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Private health insurance and pregnancy

4-minute read

In Australia, care in a public hospital or birth centre is free because it is covered by Medicare.

However, if you want to have private obstetric care in a private or public hospital, you will either need to pay for it yourself or take out a private health insurance policy for yourself and your newborn.

When should I take out a health insurance policy?

For most health insurance policies, there is a 12-month waiting period where you can’t claim any pregnancy-related expenses.

So if you want private obstetric care during your pregnancy, you will need to take out private health insurance or upgrade your existing policy well before you get pregnant, or pay for it yourself.

If you become pregnant with your first child, you may need to speak to your insurance company about having family cover.

What do I need in a health insurance policy for pregnancy and birth?

It's a good idea to check with the hospital, your fund and your doctor before booking with a hospital to ensure you will be covered and to discuss any costs you may have to pay.

Some policies don’t cover obstetric or midwifery care. Many of the lower cost policies don’t cover obstetrics, or pay restricted benefits that will only cover you as a private patient in a public hospital. If you’re planning a pregnancy, check to see that your policy covers these areas and whether your child is automatically covered after the birth or if you need to change to a family policy.

Will my policy cover the new baby?

It’s important to ensure your baby is covered from birth in case they need immediate hospital care.

Check with your fund to ask about their rules about covering newborn babies. Most funds require you to upgrade your policy to a ‘family’ policy 3 months before the baby is born, but some require 12 months’ notice.

What if my baby is unwell or premature?

Specialist nursery care is available in private hospitals for any baby who is unwell or any baby born between 32 and 37 weeks of pregnancy. Your baby will be charged separately for their nursery care, in addition to the charges for your hospital stay. Check with your health fund to see if your baby is covered.

Babies who are very premature (born before 32 weeks of pregnancy), and those who are very unwell, are transferred to a Neonatal Intensive Care Unit (NICU) in large public hospitals and the costs are covered by Medicare. If you go into labour before 32 weeks, you will usually be transferred to give birth in a large public hospital where your baby can receive specialist care as soon as it is born.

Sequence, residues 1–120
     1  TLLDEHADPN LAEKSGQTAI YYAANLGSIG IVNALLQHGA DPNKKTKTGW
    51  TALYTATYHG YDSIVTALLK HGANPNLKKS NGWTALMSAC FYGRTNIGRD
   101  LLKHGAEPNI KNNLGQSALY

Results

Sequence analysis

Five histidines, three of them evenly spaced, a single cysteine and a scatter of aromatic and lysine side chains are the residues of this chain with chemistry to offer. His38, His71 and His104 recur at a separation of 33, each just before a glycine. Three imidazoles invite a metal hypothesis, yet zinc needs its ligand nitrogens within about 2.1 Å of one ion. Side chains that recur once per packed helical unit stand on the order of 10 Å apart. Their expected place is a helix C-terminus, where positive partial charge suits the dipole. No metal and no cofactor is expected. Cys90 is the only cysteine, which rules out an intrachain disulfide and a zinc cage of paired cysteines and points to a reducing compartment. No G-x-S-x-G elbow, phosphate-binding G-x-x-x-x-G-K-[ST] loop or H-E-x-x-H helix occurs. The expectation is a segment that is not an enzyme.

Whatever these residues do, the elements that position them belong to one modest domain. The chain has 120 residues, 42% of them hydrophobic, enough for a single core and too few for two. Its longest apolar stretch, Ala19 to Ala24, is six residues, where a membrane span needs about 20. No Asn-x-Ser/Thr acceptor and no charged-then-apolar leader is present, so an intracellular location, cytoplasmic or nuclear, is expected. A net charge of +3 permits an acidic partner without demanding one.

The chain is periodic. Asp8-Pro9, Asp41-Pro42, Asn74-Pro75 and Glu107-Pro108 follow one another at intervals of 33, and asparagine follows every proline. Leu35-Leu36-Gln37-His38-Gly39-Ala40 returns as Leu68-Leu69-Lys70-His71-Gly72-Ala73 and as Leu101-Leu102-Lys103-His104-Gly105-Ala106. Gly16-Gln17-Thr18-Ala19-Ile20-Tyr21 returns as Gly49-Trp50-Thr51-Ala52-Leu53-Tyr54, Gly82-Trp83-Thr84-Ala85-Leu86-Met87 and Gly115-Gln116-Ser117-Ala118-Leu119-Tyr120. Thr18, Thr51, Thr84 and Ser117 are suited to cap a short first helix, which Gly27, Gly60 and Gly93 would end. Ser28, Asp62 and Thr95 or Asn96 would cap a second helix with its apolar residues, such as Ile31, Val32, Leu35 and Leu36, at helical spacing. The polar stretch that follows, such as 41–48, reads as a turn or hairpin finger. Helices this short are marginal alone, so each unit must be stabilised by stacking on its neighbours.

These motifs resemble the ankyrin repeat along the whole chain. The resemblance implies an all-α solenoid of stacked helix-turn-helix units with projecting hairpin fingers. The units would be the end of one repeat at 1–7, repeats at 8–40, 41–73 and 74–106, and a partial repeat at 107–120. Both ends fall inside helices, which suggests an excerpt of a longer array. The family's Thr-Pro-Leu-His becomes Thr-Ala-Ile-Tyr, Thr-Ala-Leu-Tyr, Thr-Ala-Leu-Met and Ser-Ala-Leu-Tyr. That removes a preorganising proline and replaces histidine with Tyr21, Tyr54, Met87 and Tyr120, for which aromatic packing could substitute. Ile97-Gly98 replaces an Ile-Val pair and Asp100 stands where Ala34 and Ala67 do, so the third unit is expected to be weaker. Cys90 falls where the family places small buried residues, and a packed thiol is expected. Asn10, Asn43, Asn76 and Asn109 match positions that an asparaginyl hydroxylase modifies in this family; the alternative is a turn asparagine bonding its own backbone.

What if I am having twins or triplets or more?

If you have a multiple pregnancy, you will be charged for the care of at least one of your babies in hospital. Check with your health fund to see how many of your children are covered.

What are my out-of-pocket costs?

Some costs are not covered by private hospital health insurance. These include:

  • specialist consultations and check-ups with your obstetrician
  • a portion of the hospital fees
  • paediatrician visits

However, some of these costs can be claimed on Medicare. For more information, check with your insurer and ask your hospital or visit the following websites:

What happens if I fall pregnant and I’m not covered by my health insurance policy?

You can receive very good antenatal care and have your baby in a public hospital or birthing centre, covered by Medicare. If you’re not covered by insurance and you want to go to a private hospital, you will have significant out of pocket costs. You will be able to claim back part of the cost of care from a private obstetrician or eligible midwife from Medicare, but you will need to pay all hospital costs.

More information

The Private Health Insurance Ombudsman has more information about private health insurance and can help you to compare policies.

Learn more here about the development and quality assurance of healthdirect content.

Last reviewed: March 2020


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Call us and speak to a Maternal Child Health Nurse for personal advice and guidance.

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The information is not a substitute for independent professional advice and should not be used as an alternative to professional health care. If you have a particular medical problem, please consult a healthcare professional.

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